I've no real interest in Wicca anymore because it's become as lopsided as Christianity, but at the opposite end. But, "Uncle Buckey's Big Blue Book" is designed for someone who wants a serious, orderly, introductory study into the esoteric arts of the occult aka Wicca and a basic understanding of many of the celto-centric, reconstructionist pagan beliefs in practice today.

It is THE textbook with which to start. I have an earlier addition and I underst I'll start by saying that I am not Wiccan.

Best Witchcraft Books For Beginners

I have an earlier addition and I understand some of the criticisms I've brought up in another review have been addressed in the newer reprints. Buckland took a very methodical approach to teaching the magickal arts.

He presents a chapter, describes what you need to know and then has you write down answers to what you learned, your thoughts and impressions of what has just been taught, and the overall effectiveness of what you've done. In other words, he has you start your BOS properly. While there is some of the "you must do this" and the "you have to do that" within the book, it's not quite as bad as the contradictions in other almost-direct plagerizations of this work such as those taught by a certain "corvus corax metalic grey canis lupis" that contradict the teachings here as well as contradict what you've learned in a chapter previous Buckland's book, while not perfect and certainly preachy at points, is still the best starting point, along with the books by Cunningham.

Once you have read and utilized this book, you will understand the difference between CALLING yourself a pagan or what I call "fluffy-bunny" and actually understanding what it means to BE one. View 2 comments. Dec 14, Rosemary Bloom rated it it was ok Shelves: I have never really been into Gardnerian Wicca or the similar traditions, as far as adopting it as my personal system, and this book really encompasses all of the reasons why.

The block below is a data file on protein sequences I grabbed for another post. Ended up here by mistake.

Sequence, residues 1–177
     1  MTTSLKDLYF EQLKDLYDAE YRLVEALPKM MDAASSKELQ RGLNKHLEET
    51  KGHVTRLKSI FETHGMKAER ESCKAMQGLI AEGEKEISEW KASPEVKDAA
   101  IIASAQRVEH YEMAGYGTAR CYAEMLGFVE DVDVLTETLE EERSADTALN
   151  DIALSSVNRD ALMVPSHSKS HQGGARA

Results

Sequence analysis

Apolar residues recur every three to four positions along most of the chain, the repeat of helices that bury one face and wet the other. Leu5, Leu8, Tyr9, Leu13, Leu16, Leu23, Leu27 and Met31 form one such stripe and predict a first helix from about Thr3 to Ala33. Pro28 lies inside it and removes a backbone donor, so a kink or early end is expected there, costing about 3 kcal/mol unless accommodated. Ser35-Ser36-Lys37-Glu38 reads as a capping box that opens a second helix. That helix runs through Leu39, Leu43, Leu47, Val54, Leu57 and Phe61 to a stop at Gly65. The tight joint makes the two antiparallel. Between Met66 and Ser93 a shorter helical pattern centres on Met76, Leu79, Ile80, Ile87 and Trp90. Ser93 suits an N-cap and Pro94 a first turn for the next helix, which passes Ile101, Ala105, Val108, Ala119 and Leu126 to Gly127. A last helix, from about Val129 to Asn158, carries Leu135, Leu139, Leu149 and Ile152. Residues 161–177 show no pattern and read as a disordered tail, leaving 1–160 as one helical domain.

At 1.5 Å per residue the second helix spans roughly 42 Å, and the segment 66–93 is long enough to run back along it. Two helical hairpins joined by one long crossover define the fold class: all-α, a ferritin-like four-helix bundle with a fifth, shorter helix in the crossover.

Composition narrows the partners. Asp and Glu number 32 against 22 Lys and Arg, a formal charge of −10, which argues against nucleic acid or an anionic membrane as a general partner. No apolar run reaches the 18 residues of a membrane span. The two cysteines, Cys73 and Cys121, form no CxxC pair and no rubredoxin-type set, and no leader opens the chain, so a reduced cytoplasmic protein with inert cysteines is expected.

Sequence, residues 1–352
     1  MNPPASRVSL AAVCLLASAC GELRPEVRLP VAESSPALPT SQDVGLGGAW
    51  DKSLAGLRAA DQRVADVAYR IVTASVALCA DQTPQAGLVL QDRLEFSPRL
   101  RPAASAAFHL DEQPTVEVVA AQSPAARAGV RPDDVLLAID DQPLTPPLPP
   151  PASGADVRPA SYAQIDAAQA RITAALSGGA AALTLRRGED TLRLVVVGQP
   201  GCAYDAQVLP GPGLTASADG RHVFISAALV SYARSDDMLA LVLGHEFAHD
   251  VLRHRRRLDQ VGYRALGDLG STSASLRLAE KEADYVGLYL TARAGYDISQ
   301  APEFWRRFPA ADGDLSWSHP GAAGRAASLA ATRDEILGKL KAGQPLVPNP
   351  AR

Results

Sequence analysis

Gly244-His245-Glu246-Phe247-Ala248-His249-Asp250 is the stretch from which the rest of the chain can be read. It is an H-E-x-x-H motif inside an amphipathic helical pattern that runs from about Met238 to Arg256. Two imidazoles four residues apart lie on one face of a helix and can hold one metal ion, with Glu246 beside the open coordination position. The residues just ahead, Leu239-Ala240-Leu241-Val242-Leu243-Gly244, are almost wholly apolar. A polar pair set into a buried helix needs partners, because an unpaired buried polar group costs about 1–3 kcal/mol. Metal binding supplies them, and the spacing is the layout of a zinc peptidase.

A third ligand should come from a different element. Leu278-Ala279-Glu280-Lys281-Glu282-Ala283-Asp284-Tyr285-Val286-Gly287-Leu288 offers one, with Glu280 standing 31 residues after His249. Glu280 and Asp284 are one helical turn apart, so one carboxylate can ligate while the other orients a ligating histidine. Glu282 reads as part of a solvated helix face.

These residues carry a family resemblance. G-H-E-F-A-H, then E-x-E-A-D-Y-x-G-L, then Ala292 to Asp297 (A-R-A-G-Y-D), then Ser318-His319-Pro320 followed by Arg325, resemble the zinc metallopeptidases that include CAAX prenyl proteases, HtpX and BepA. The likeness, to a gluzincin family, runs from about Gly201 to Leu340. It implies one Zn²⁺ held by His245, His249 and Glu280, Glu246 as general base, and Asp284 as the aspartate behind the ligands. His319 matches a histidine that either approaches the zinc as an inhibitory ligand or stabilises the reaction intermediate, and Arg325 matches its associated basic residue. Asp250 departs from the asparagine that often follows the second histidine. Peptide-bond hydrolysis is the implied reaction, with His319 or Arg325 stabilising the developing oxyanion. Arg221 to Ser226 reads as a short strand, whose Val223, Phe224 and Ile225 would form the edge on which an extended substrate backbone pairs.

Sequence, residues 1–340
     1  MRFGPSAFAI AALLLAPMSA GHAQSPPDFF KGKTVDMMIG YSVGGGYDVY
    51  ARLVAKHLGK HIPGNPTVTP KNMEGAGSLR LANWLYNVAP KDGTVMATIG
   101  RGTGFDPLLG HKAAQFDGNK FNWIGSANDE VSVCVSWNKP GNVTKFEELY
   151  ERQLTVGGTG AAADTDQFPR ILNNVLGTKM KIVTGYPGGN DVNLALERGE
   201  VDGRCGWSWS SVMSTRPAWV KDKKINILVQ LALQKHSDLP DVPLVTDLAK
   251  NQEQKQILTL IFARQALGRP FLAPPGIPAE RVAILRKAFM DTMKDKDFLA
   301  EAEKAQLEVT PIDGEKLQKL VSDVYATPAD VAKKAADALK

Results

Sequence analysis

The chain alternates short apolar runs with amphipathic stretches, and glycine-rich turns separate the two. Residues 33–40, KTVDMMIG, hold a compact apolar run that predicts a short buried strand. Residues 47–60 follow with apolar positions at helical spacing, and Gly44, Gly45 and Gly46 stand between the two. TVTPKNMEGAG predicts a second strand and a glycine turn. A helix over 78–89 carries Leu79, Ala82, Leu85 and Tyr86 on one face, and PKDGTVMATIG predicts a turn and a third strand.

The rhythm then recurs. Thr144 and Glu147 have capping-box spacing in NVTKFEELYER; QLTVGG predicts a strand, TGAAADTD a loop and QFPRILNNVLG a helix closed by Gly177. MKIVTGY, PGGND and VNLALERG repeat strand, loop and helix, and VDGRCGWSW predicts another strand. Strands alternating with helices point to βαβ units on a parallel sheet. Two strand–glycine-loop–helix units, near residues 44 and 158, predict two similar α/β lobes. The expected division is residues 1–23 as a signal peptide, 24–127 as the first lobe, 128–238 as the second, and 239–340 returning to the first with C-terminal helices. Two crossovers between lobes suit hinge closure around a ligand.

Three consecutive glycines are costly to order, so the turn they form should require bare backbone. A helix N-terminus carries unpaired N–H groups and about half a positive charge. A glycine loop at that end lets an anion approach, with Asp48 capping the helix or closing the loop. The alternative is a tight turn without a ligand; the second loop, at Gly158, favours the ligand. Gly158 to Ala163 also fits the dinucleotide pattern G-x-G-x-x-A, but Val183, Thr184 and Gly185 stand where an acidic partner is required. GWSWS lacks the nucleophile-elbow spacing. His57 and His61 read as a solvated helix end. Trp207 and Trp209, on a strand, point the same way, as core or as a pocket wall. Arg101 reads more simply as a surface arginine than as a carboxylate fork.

The ritual scourging, binding and blindfolding, the ceremonial feel to things, how the author gives you a way to do things and why and why others ways are wrong "but feel free to do whatever you like. He mentions that the best altar is a tree stump - but wouldn't that be benefiting from the killing of a tree? He continually mentions that being a solitary witch a witch who works alone "and often lives alone," in his words is sub-par and goes further to say that if you are not initiated into a tradition you are not actually a witch but a "cowan" or a similar word, I don't remember quite.

The circle must be this many feet wide - your wand must be this many inches; eh.

Not my thing. Also, the author really sounds super arrogant and self-serving - almost all of his sources are his own books! Jan 31, Jill rated it it was ok Shelves: A lot of it I skimmed over as his suggestions are not pertinent to how I practice, which is alone and clothed, nor did I listen to his suggestions on how to ruin my stove by making my own athame.